Biometric fingerprint system will ensure correct person released
The Clark County Jail will enroll all newly booked inmates into an internal fingerprint database to better track who’s coming in. Perhaps more importantly, on the heels of an escape where inmates switched identities, it will also track who’s going out.
The new biometric registry will augment the jail’s current procedures for tracking and identifying inmates, jail Chief Ric Bishop said at a training session for corrections deputies on the new system Tuesday. They will begin using the system this week.
The tool, a fingerprint scanner and associated database, combined with documents and photos, will help corrections deputies better track inmates, he said, and prevent mistakes.
“You can verify who they are, and we’ll enroll them so that if they come back, when they come in the door, finger goes on the capture device, and we’ll know right away who they are,” he told jail staff.
The new system was already on order when a man was accused of switching identities with another inmate and walking out of jail.
On May 12, Michael Diontae Johnson, 30, allegedly swapped clothes, ID bracelets and cells with LaQuon Carson Boggs, 19, who was scheduled to be released that day.
Court records say Johnson signed Boggs’ name on paperwork and recited Boggs’ birthdate before walking out of the jail that morning. Jail staff discovered Johnson was gone during a lunch hour headcount.
U.S. Marshals caught up with and arrested Johnson in early June in Illinois.
Johnson was serving a 24-year prison sentence in Arizona for kidnapping and aggravated assault. He was in Clark County to stand trial for a 2014 domestic violence case. Bishop said the internal investigation into the escape should be completed and available next week.
A new system
Until now, custody officers used photos, documents, physical descriptions and other means to identify inmates as they entered the jail. When prisoners are due for release, officers make sure the exit information matches the entry information.
The new biometric system would have prevented May’s alleged escape, Bishop said.
“His fingerprint would not have matched the other gentleman’s fingerprint, and that would have stopped him.”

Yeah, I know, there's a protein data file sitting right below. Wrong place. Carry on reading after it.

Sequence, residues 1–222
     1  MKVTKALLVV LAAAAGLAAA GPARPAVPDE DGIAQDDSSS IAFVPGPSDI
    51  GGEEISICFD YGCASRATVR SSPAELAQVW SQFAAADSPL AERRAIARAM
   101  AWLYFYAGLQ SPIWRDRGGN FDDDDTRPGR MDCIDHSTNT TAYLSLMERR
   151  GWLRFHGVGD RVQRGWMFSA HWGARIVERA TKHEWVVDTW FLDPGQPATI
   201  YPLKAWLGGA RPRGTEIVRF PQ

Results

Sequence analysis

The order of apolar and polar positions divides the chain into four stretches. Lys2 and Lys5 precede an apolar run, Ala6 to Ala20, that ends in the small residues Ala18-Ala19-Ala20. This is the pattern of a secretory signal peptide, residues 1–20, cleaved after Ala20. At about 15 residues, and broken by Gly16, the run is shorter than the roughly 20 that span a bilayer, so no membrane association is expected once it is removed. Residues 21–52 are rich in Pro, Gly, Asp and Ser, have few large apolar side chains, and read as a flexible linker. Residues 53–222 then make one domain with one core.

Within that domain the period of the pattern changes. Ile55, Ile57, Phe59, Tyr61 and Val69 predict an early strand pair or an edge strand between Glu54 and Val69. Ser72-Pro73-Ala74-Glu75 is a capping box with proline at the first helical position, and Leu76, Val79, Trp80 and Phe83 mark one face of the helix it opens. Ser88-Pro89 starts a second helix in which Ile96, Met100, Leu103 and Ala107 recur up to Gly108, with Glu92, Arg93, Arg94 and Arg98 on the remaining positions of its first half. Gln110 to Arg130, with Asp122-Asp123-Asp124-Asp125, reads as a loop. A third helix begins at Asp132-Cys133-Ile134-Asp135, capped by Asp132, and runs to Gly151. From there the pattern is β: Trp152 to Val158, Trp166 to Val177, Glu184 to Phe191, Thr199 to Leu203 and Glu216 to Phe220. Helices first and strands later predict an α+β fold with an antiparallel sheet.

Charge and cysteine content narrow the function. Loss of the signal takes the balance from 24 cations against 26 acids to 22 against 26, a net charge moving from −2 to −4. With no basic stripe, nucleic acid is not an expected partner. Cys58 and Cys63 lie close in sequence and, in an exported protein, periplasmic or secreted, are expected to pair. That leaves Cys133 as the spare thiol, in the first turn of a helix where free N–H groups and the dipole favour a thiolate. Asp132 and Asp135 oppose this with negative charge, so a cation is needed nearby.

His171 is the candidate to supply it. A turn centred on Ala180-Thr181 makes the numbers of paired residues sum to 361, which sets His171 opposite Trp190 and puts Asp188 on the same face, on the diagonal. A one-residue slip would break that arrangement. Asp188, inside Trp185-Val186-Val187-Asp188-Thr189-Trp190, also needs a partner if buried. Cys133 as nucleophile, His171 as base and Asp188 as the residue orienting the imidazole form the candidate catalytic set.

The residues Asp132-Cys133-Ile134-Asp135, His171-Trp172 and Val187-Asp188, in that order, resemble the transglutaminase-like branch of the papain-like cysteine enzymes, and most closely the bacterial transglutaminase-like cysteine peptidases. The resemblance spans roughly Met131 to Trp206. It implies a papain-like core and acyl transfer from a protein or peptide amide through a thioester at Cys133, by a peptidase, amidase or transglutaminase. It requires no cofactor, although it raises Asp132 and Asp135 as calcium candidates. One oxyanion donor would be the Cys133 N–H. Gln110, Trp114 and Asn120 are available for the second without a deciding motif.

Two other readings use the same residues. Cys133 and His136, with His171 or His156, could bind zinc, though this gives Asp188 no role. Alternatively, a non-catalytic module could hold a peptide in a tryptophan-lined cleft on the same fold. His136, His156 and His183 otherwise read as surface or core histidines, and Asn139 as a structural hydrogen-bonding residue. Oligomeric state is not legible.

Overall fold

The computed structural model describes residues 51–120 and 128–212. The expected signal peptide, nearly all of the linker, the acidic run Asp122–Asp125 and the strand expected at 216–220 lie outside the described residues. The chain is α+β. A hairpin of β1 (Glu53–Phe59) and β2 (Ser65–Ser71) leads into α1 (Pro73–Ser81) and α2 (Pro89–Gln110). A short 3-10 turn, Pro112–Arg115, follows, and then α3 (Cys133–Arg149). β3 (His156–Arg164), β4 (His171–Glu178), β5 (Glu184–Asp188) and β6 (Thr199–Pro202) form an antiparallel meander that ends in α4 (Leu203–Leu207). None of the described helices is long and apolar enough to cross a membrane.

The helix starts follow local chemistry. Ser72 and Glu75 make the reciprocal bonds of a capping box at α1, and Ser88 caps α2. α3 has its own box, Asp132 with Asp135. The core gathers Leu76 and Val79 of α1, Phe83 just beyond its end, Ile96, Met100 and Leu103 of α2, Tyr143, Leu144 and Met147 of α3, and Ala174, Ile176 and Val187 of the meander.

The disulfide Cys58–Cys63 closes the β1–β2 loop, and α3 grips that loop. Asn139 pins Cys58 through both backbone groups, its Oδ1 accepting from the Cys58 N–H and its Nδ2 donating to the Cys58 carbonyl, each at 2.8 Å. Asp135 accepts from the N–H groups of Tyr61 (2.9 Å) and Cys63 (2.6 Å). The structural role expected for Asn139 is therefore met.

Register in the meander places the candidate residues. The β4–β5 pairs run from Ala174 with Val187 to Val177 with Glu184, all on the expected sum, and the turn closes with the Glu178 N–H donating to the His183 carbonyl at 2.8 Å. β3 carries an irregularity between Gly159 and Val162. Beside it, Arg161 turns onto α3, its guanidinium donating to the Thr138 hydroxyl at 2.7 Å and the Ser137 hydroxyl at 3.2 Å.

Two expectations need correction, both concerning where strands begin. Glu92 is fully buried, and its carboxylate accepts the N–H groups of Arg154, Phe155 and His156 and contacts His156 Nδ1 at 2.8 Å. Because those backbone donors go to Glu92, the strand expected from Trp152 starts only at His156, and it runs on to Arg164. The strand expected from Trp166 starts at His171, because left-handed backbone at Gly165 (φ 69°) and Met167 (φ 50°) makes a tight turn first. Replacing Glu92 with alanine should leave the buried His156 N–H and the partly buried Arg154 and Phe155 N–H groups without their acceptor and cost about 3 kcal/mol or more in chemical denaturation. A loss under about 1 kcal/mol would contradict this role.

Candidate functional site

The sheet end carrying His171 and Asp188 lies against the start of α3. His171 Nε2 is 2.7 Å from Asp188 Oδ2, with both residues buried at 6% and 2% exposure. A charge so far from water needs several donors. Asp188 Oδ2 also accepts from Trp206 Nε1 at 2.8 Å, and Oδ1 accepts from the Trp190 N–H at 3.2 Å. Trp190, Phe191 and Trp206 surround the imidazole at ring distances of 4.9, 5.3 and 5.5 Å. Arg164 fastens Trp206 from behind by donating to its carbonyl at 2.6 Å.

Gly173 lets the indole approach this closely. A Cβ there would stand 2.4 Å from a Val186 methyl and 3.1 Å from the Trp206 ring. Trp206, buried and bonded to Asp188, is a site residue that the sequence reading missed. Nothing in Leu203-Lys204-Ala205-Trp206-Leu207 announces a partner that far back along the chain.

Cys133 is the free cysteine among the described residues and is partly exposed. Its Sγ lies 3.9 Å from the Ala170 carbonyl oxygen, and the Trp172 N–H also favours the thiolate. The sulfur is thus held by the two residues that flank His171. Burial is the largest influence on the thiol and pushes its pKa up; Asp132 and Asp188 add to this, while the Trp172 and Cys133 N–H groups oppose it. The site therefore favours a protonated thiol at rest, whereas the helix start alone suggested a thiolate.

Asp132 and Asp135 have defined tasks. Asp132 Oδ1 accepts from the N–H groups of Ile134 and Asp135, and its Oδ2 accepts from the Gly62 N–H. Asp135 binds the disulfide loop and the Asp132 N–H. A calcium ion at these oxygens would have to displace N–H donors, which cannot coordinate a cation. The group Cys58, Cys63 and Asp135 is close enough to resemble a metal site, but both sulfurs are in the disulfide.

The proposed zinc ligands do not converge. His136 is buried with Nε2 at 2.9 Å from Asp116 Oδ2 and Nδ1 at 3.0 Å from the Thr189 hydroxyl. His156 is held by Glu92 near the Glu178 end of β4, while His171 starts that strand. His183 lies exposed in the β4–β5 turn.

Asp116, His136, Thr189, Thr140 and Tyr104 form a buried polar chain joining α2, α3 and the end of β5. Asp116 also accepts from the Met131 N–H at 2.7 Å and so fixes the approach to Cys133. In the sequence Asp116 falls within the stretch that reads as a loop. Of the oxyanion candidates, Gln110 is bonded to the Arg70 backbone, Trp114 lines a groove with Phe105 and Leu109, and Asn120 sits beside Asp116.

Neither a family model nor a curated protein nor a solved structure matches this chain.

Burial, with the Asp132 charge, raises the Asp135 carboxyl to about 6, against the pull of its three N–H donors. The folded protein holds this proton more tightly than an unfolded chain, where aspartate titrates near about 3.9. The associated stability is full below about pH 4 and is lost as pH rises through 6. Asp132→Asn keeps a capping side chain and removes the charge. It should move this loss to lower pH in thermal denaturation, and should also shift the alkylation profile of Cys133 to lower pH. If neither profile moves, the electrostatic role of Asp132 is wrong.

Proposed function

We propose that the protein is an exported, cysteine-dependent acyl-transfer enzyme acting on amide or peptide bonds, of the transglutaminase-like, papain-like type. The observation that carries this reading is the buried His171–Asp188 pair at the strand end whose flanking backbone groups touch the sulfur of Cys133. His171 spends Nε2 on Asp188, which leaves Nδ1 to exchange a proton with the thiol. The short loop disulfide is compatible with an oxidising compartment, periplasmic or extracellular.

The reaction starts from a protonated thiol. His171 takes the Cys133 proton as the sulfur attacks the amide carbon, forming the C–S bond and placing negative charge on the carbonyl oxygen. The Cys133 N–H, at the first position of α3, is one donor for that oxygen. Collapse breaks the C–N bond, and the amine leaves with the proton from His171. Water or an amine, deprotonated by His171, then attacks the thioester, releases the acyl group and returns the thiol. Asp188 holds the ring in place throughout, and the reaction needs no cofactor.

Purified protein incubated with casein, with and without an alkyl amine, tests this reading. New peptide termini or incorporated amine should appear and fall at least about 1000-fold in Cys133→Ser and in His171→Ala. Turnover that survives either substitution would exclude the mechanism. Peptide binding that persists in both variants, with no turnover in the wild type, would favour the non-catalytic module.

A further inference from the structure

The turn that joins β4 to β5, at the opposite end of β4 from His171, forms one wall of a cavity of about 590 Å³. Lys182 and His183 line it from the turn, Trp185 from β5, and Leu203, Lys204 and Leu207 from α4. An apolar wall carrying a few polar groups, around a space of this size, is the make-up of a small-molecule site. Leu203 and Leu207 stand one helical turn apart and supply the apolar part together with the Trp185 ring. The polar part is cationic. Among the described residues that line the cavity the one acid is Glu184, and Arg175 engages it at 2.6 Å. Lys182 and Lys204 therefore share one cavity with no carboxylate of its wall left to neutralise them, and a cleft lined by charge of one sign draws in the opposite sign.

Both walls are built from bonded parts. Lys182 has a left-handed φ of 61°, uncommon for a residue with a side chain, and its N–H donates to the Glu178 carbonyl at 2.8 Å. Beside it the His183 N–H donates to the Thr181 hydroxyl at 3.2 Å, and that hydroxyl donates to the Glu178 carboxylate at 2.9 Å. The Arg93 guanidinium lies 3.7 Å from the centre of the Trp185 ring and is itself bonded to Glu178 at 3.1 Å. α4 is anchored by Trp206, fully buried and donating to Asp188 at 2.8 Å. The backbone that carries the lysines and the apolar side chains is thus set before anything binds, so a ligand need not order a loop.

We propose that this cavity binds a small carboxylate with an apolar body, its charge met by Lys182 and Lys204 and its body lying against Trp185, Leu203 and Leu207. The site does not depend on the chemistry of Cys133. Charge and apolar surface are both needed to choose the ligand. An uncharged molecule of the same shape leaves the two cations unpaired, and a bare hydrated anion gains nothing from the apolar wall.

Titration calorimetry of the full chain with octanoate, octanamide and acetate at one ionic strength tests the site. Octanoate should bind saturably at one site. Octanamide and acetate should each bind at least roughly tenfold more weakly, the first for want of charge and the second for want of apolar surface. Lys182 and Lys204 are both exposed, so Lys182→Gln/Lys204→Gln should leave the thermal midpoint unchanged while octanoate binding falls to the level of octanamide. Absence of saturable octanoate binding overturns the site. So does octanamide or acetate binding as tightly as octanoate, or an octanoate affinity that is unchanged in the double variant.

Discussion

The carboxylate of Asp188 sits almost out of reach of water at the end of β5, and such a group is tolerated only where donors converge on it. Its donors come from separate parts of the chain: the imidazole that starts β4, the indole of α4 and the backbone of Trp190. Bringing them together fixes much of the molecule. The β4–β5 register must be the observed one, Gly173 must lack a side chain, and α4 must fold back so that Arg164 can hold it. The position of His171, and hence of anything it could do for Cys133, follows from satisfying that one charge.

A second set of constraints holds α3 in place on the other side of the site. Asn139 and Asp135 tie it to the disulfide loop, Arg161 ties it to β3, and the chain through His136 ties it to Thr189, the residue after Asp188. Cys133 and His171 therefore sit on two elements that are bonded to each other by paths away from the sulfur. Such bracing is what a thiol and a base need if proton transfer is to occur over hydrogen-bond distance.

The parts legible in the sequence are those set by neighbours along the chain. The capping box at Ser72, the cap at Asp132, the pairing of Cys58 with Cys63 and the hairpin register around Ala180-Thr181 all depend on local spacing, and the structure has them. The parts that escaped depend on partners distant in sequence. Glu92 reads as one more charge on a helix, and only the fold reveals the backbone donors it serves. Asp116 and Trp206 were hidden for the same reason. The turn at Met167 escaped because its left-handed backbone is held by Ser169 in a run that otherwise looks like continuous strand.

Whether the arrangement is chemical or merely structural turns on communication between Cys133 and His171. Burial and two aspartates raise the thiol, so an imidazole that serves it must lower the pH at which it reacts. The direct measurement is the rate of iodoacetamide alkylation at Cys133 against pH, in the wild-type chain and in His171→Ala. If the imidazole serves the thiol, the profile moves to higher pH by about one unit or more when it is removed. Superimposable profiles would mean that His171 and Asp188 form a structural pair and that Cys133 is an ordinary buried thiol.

All new inmates already have their fingerprints taken. That information goes to the state and FBI. While it’s still available, it’s not as accessible to corrections staff as it will be through the new database.
“It’s a local repository. It’s not meant to replace or compete with the national or state one,” said Justin Davis, the vice president of development at Executive Information Systems, the system vendor. Bishop said there are no plans to share the database outside of the county.
Similar systems are in place in other jails, but Bishop thinks Clark County’s is the first installation in Washington. The database and finger scanners cost the county $40,000, he said, and were budgeted as part of the sheriff’s computer equipment needs.
Using the fingerprint system is “extremely important for public safety. We do not want to release anyone incorrectly,” he said.
The sheriff’s office has talked about expanding the system to other functions, even patrol, but it’s preliminary, he said.
“This is a local database of fingerprints, and occasionally, patrol deputies will run into people who don’t always identify themselves, or don’t always correctly identify themselves,” Bishop said. “If the capture station is available in the patrol car, the fingerprint can be captured, and bounced off the local database.”
After training staff, the jail’s next step will be adding fingerprints to build the database.
The jail books about 44 people per day, and releases about the same, Bishop said. Most inmates are in the jail for less than 30 days, so after about a month, 90 percent of the current jail population will have their fingerprints in the database.
After that, corrections deputies will fingerprint the remaining inmates, those with longer stays.
“Five weeks from now, everyone in the jail will be enrolled in the system,” Bishop said.
Around 668 people were being held in the jail Tuesday, he said.
Boggs was released as scheduled, and no charges have been filed against him. Johnson faces additional charges of escape. He is expected in court today to plead guilty to those charges, as well as the domestic violence charge, court documents say.